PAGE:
EU Members Lack Common Position On Sanctions Over Kerch Strait Incident - Source
EU member states currently do not have a common position regarding possible new sanctions against Russia in connection with the Kerch Strait incident, and no decisions on this issue are expected to be made at the upcoming Monday talks of EU foreign ministers, a diplomatic source told journalists in Brussels on Friday.
On Monday, foreign ministers of EU member states will conduct talks in Brussels, and an informal dinner with Ukrainian Foreign Minister Pavlo Klimkin will be also held.
"There are discussions about the situation in the Sea of Azov, but there are no [discussions on] sanctions. Some countries want to raise this issue, others do not. At this point there is no consensus among the 28 countries on this issue," the source said, asked whether sanctions in connection with the incident would be discussed next week.
The discussion now is primarily not about whether sanctions are necessary, but about actions needed to reduce tensions in the Sea of Azov and promote a dialogue between the two parties so that a decision can be reached, he noted.
"That is, you need to agree on measures to support Ukraine and send a number of strong signals, because if everyone comes to the meeting with proposals that others will not support, what signal will we send then?" the source wondered.
The main task is to determine a common position, he concluded.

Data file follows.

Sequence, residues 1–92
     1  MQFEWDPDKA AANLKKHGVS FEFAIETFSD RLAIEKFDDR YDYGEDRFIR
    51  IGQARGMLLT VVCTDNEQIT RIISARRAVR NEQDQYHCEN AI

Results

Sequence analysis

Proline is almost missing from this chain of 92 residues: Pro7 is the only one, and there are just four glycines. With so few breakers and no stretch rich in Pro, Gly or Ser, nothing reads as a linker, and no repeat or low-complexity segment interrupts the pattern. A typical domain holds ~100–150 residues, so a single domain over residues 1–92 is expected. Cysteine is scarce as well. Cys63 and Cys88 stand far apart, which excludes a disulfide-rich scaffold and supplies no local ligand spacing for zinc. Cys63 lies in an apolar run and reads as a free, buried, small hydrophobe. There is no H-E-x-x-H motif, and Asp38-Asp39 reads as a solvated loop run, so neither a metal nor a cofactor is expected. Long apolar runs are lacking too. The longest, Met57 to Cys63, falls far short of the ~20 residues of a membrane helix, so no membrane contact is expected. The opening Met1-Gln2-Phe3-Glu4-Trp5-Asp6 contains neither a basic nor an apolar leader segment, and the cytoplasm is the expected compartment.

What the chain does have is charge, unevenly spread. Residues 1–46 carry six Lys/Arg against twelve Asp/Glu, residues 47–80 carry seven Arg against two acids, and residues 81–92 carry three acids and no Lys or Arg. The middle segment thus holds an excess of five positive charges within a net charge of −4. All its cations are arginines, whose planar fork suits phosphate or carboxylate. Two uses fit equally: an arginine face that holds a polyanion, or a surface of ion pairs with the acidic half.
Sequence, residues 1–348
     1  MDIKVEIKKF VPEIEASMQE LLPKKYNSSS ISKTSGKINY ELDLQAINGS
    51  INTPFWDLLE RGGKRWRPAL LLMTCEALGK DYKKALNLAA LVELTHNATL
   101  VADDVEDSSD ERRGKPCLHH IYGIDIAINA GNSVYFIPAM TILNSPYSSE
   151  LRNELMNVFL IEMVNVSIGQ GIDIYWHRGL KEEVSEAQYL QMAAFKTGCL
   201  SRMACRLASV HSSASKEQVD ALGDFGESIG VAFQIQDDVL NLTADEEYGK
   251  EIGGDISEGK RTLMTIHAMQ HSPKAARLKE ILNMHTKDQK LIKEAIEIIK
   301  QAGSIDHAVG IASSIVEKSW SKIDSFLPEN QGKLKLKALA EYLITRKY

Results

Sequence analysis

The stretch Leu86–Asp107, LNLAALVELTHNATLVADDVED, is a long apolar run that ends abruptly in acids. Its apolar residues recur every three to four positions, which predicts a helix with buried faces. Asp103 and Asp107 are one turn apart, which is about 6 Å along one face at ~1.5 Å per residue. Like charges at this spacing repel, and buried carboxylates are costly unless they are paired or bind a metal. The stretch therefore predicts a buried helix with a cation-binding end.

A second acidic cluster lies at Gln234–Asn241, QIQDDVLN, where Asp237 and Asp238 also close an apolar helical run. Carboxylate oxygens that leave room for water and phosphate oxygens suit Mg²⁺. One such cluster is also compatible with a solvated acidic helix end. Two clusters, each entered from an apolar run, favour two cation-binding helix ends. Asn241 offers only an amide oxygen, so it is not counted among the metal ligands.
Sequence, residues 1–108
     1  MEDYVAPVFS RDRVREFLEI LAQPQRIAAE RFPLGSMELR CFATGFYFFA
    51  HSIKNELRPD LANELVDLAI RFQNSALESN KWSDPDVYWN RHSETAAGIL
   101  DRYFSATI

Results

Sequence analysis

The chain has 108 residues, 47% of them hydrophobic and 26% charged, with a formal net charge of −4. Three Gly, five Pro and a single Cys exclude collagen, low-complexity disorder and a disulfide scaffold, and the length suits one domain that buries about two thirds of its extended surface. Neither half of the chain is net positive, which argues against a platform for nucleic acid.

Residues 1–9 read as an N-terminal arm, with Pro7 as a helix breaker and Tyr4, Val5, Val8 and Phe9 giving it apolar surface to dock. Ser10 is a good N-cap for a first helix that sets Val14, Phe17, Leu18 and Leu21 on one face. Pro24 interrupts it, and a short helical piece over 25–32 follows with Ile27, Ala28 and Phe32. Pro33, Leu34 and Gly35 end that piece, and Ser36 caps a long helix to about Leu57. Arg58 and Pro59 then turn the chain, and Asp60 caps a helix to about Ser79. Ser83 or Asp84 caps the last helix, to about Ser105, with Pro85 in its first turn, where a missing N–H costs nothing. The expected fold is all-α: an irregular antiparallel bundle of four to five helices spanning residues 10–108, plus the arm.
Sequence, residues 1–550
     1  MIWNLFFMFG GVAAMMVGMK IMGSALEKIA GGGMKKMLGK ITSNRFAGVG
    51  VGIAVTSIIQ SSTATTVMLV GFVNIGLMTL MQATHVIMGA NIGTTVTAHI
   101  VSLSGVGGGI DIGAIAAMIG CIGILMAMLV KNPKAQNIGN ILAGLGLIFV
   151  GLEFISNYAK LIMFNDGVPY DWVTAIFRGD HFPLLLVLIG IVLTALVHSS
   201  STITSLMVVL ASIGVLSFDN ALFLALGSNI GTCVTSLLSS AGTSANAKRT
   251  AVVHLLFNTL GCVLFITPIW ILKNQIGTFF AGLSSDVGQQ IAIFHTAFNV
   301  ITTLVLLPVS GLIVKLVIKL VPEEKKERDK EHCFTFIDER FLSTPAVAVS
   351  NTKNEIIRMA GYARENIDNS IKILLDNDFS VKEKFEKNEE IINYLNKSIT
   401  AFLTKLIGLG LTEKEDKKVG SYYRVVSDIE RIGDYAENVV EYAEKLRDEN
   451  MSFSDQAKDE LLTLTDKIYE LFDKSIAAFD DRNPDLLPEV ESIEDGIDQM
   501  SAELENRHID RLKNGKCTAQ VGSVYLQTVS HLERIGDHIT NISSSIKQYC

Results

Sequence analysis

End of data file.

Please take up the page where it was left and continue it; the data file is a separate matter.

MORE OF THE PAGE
On November 25, three ships of the Ukrainian Navy Berdyansk, Nikopol, and Yany Kapu breached the Russian border, entered Russian territorial waters that were temporarily closed, and began moving toward the Kerch Strait, which serves as an entrance into the Sea of Azov. The Ukrainian vessels and their crew were detained by Russia after failing to respond to a lawful demand to stop.
In response to the incident, Ukrainian President Petro Poroshenko signed a decree declaring martial law in several Ukrainian regions located near the Russian border, and the coasts of the Black Sea and the Sea of Azov.
Russian President Vladimir Putin has said that the incident was a provocation prepared in advance as a pretext to introduce martial law in Ukraine. Putin said the provocation could be linked to Poroshenko's low approval rating ahead of the presidential campaign set to start in late December.